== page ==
The Bosnian War (1992-1995)

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  • 0:01 Causes of the Bosnian War
  • 1:45 From Bad to Worse
  • 3:23 Legacy of the War
  • 4:58 Lesson Summary
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Lesson Transcript
Instructor: Kevin Newton

Kevin has edited encyclopedias, taught middle and high school history, and has a master's degree in Islamic law.

Despised by both sides of the Croat-Serb War, the Bosnians originally tried to maintain their neutrality. This lesson explains how neutrality turned into independence for one of Europe's few Muslim-majority societies.

Causes of the Bosnian War

As Yugoslavia started to fall apart in the 1990s, it seemed that disputes between the Croats and the Serbs threatened to take the entire region to its knees. However, this was really nothing new—the Croats and Serbs had a long history of, well, hating each other. Croatia was Catholic, and traditionally aligned with the whims of Central Europe, especially Germany.

In fact, many Croats had actually sided with the Nazis during World War II. Serbia, on the other hand, was Orthodox and, therefore, loyal to the Russians. After all, it had been a Serbian nationalist who had started World War I with his assassination of the Crown Prince of Austria-Hungary, and the resulting Russian guarantee of Serbian Independence.

But wait, isn't this a lesson on the Bosnians? Absolutely. It seems that the only thing that the Serbs and Croats could agree on was what to do with Bosnia, a rather large chunk of territory between Croatia and Serbia that was inhabited by a group of people known as the Bosniaks, who tended to be Muslim. Bosnia was a reminder of a time when the Ottoman Turks ruled the Balkans, and neither the Serbs nor the Croats felt that such a reminder should remain.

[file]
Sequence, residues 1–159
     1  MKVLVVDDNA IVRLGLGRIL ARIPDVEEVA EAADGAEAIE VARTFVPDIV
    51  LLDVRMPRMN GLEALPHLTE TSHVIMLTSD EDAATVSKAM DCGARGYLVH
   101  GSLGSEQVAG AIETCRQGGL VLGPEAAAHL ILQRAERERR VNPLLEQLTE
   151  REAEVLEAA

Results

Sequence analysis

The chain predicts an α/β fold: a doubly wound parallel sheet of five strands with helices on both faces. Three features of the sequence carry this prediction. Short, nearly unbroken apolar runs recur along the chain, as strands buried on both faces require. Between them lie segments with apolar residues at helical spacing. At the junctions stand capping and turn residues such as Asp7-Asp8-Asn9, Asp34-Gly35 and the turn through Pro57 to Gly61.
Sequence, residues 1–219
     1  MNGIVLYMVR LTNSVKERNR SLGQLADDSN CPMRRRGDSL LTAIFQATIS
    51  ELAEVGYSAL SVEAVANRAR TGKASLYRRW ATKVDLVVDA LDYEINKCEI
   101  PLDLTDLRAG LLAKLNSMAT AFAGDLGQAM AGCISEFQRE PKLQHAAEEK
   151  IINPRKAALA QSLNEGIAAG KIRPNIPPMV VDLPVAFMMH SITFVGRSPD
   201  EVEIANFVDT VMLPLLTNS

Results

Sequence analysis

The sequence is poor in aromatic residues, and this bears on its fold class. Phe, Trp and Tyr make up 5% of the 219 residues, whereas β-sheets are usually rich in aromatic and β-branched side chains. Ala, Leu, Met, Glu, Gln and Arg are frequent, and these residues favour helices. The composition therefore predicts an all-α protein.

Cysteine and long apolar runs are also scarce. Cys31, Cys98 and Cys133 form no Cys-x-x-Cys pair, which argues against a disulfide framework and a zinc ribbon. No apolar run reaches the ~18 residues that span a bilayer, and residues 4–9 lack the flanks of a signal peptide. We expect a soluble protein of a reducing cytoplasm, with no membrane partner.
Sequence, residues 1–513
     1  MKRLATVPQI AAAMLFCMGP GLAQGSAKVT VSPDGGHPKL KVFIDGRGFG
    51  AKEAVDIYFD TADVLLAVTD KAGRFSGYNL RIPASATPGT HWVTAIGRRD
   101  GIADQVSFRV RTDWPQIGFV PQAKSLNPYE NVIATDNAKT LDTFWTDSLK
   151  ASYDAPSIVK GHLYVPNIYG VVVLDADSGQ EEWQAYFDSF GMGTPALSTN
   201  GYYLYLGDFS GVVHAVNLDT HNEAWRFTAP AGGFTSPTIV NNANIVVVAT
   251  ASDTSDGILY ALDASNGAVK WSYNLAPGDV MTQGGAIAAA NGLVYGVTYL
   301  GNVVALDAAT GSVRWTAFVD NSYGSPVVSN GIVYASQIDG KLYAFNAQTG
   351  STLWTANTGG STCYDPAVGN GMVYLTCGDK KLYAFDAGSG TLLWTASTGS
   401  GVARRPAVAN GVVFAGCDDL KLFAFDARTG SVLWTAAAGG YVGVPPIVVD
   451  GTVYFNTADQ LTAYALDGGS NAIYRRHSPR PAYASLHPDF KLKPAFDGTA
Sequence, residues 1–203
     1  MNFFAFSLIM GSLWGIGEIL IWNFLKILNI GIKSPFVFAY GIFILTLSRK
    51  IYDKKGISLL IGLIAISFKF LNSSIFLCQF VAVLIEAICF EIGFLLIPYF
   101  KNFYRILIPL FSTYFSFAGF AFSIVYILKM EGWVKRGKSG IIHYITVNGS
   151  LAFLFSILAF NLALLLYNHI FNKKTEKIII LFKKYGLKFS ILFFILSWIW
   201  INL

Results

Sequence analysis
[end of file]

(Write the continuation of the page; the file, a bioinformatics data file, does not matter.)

In fact, the Croatians went as far as to say that Bosnia was an invention of the Ottoman state, since the land had long been Croatian. Meanwhile, people on both sides of the Serbian-Croatian divide worried about Bosnia's historically close ties to Turkey, and worried about a resurgent Turkish presence in their own backyards. Amidst all this talk for their destiny, the Bosnian leadership largely told their citizens to just be quiet and hope no one noticed them.

From Bad to Worse

Unfortunately for the Bosnians, that simply wasn't going to happen. In March 1991, the Serbs and Croats signed the Karadordevo Agreement, splitting Bosnia between the two countries. The U.N. and the West, sensing the growing fight, limited all arms sales to the countries. They didn't really affect the Croats, who could smuggle arms through their porous borders, nor did it affect the Serbs, who had much of the former Yugoslavian army's equipment. However, it did limit the ability of the Bosnians to defend themselves. At the same time, Serbian and Croatian troops took positions within Bosnia. All the while, Bosnian leaders stressed the importance of non-engagement.

That said, the writing was on the wall. The Bosnians declared their independence in March of 1992, but by April the capital of Sarajevo was under siege by Serbian forces. In the countryside, the Serbians committed many atrocities in an attempt to regulate the ethnicity of a given area, known as ethnic cleansing.

Meanwhile, the rest of the world grew in its resolve to assist the Bosnians. A no-fly zone was imposed, but the tragedies continued. The worst of these happened in 1995, at the town of Srebrenica, where more than 8,000 Bosnian men were murdered by Serbian groups. However, later that year, a peaceful solution was finally reached in Dayton, Ohio. Known as the Dayton Accords, the resulting treaty guaranteed the right of Bosnia to exist, but provided for significant rights for non-Bosniaks in Bosnia, especially the Serbs and Croats.

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